Age-old recipes from Pangkor tantalise taste buds


  • Eating Out
  • Thursday, 08 Oct 2020

Curry mee and other noodle dishes are prepared on the spot at Chan Kee Noodle stall in Taman Midah, Cheras. — Photos: LOW LAY PHON/The Star

CURRY mee is a versatile dish which gives cooks leeway to get creative, hence the many versions available.

Some are spicier while others are creamier. The toppings, too, differ from one cook to another.

Those behind Chan Kee’s Noodle know what ingredients work best in curry mee and have been enticing diners to savour their version of the dish for more than 30 years.

Ken Tan’s parents started the stall at the Taman Midah Hawker Centre in Taman Midah, Kuala Lumpur, which eventually evolved into a family concern with siblings and cousins helping in the business.

They do brisk business selling curry mee, lam mee, prawn mee and other noodle dishes each day.

Each bowl costs between RM6 and RM7, depending on the portion.

A flavourful bowl of curry mee at Chan Kee Noodle is filled with  lean char siew, spongy tau fu pok, cockles and bean sprouts.A flavourful bowl of curry mee at Chan Kee Noodle is filled with lean char siew, spongy tau fu pok, cockles and bean sprouts.

Their signature dish is of course, curry mee, which is a perfect combination of spicy and creamy.

The thick and santan-laden curry base is special due to the family’s own blend of spices, as well as the fragrant chilli paste used.

While cockles are usually a common ingredient in curry mee, many stalls do not add them to the dish due to the lack of supply.

Chan Kee, however, gets a constant supply so customers will not be left disappointed.

The cockles add a delicate briny seafood taste to the curry stock, tempering the dish’s sweetness.

Filled with lean char siew, spongy tau fu pok, cockles and bean sprouts, this particular version goes well with any type of noodles.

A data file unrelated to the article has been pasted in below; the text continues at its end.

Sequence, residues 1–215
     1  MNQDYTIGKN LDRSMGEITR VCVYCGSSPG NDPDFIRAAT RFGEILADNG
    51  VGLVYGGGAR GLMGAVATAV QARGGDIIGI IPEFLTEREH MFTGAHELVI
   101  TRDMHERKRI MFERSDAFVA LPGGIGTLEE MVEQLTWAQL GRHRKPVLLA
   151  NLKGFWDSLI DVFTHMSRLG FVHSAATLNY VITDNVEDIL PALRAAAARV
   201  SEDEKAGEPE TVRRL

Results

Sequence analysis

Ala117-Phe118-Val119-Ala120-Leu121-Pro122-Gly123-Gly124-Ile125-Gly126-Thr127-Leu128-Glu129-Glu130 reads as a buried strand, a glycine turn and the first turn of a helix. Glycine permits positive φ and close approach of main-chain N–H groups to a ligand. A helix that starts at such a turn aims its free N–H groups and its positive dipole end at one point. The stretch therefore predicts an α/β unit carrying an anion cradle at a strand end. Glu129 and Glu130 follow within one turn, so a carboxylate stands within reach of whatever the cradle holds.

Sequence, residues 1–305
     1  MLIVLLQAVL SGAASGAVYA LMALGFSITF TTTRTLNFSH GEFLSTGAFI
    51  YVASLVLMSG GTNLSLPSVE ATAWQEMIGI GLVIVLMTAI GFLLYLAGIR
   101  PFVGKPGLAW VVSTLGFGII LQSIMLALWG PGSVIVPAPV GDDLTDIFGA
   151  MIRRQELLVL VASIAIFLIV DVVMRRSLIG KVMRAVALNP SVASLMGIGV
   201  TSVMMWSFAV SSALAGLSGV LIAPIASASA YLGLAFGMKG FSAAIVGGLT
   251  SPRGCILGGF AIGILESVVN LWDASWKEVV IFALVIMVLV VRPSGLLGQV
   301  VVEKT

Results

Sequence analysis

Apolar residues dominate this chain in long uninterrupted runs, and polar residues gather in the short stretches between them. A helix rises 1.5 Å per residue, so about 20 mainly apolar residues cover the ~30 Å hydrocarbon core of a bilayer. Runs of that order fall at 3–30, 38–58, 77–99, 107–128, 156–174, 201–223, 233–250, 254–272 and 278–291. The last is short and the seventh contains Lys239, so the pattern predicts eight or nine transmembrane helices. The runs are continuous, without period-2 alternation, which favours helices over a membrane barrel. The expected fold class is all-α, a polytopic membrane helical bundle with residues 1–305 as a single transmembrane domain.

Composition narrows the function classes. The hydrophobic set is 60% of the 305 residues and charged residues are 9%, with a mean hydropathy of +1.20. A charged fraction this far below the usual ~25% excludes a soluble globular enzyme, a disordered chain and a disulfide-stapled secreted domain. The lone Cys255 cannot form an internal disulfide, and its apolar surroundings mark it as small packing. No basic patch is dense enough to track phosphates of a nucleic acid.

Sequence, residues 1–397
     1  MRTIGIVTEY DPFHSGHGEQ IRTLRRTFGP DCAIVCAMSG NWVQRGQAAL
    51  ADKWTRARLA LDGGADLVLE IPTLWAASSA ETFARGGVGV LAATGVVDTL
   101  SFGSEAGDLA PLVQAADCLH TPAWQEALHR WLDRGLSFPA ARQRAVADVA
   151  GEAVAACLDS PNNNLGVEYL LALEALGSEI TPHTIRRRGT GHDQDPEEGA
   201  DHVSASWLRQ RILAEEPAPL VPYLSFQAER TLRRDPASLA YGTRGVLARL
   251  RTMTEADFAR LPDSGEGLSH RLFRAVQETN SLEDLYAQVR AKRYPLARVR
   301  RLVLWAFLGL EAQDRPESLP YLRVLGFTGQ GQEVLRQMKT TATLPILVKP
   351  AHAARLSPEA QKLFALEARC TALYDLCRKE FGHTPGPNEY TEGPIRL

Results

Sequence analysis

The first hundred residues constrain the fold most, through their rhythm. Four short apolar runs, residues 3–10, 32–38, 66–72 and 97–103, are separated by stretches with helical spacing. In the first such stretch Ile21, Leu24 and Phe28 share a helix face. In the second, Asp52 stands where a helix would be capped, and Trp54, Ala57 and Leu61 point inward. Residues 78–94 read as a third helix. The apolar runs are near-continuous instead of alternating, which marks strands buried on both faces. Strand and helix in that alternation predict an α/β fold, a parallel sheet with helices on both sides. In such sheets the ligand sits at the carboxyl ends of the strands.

Choose your favourite noodle or go for the combination of mee hoon and mee, which is my personal recommendation.

The family’s home-made belacan sambal is also not to be dismissed.

Add dabs of the sambal to each spoonful for that hint of spiciness or mix it into your bowl to jazz the dish up further.

“The sambal is made at home and it is not for sale, ” Ahbee Lim said, probably due to repeated requests from customers.

Lim, who is Tan’s cousin, is among those running the stall.

“My aunt started the business and her siblings and their children also work here.

“What makes us different is our old family recipes which have their origins in Pulau Pangkor, Perak.

The prawn mee at Chan Kee Noodle stall has a strong seafood flavour and hint of sweetness from the shrimps. A cup of Hainan tea makes this a complete meal.The prawn mee at Chan Kee Noodle stall has a strong seafood flavour and hint of sweetness from the shrimps. A cup of Hainan tea makes this a complete meal.

“The soup bases and chilli paste are prepared from scratch. We make new batches each day to maintain freshness, ” she said.

Lim added that the soups are boiled over charcoal fire, hence their flavour.

“The food is simple but our focus is on flavour and quality, not quantity, ” Lim added.

This is certainly true as the dishes run out fast and it is normal to see queues forming over the weekend and on public holidays.

Asam laksa is a weekend treat and is only available on Saturday.

As it is a hawker stall, expect no frills except for good food.

I also enjoyed the local iced coffee which was thick and creamy as well as the special Hainan tea.

The stall is located near the Taman Midah morning market so it can get very crowded.

What is great about this location is that you can spend the whole day food hunting as there are many other stalls and restaurants serving mouth-watering local treats.

The stall is open every day, except two days each month, from 6am to 12.30pm daily.

Chan Kee Noodle stall is located along Jalan Midah Besar in Taman Midah.



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